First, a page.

Federal law currently requires any licensed firearms seller to run a background check with the FBI before a firearm is sold to a specific customer.  The FBI then determines whether a criminal background (a felony punishable by at least a year or a misdemeanor punishable by at least two) or other ground requires the seller to deny the sale.  Other common grounds requiring a gun sale to be denied include being a fugitive, having a misdemeanor domestic violence history, illegal possession of a controlled substance, having a domestic violence restraining order placed upon them, being under indictment, having a severe mental health defect, or state specific reasons for denial. The determination is intended to be done immediately, 9% of cases require additional time.  When more than three days pass without notifying the dealer, the dealer is free to complete the sale.  Thousands of guns are sold under this method every year.

Desired Changes

With these background check requirements in place, what are activists looking to change?  A simple change is to require a background check for all sales of guns, not just those from licensed firearm dealers.  Most notably, this would require gun show sales to do background checks.  This change would close one “loophole.” 

Another area of interest is in creating a universal background check, which did not vary state to state, in order to increase the checks’ accuracy.  This background check could also be expanded to include background checks for purchasing ammunition.

Some activists want to expand the waiting period in order to conduct more thorough background checks.  Dylan Roof, for instance, was managed to get a gun despite being unqualified because more than three days passed.  This trigged a “default proceed,” enabling the gun to be sold.  Extending the waiting period could help against poor record-management inadvertently leads to a gun sale.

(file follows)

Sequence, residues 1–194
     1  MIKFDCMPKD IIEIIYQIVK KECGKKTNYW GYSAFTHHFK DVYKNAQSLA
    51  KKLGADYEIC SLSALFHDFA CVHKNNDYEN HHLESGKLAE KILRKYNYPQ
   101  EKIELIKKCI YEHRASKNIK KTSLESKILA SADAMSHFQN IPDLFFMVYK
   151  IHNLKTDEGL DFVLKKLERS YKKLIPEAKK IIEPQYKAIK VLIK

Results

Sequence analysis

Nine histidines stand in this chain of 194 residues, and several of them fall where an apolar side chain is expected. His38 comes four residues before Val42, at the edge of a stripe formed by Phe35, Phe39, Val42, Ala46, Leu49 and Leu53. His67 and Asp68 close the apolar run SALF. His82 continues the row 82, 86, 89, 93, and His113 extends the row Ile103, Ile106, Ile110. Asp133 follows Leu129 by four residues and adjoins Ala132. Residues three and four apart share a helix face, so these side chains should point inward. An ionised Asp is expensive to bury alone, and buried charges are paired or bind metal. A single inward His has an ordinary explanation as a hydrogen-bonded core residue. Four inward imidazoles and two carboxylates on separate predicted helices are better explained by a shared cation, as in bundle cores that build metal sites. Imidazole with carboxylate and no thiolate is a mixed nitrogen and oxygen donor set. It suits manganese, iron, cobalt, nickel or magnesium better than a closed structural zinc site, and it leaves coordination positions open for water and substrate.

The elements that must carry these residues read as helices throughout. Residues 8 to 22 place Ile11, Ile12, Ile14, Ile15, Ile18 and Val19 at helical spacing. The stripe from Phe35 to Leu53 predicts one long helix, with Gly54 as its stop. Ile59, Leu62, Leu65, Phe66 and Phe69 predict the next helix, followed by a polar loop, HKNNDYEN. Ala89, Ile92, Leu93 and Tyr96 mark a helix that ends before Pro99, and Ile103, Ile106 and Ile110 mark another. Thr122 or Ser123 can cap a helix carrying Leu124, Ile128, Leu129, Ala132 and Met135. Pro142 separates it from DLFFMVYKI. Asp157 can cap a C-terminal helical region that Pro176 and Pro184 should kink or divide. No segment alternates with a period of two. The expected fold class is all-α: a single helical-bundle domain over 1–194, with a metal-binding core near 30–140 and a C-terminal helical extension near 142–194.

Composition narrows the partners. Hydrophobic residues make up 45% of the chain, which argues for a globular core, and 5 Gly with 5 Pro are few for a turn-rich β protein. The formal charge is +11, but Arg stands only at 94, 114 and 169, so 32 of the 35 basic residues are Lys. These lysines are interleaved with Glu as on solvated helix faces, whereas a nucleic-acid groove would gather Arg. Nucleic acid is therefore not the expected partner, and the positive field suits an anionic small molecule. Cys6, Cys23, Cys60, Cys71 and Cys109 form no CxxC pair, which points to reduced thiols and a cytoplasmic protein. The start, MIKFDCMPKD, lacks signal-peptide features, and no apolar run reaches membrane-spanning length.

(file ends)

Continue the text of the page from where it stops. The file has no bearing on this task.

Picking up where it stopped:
Activists would also like to see the categories which bar gun ownership expanded.  The categories could include if a person has been convicted of any violent crime, criminal stalking, and persons included on the “no fly” list for suspected terrorism.

Screening

In addition to background checks, there are two other key requirements which could be implemented before a person buys a gun.  One is an explanation of why the person wants a gun.  As an isolated measure, it would likely amount to little.  But when put together with other legislation, it can force an explanation which could show the risks the buyer presents.

Additionally, countries have required doctors’ notes to demonstrate mental stability.  This requirement would stop those who are mentally ill from buying guns, even when the illness does not show up on a background check.  Either of these screening requirements would place an additional hurdle to owning a gun, with minimal burden on any party.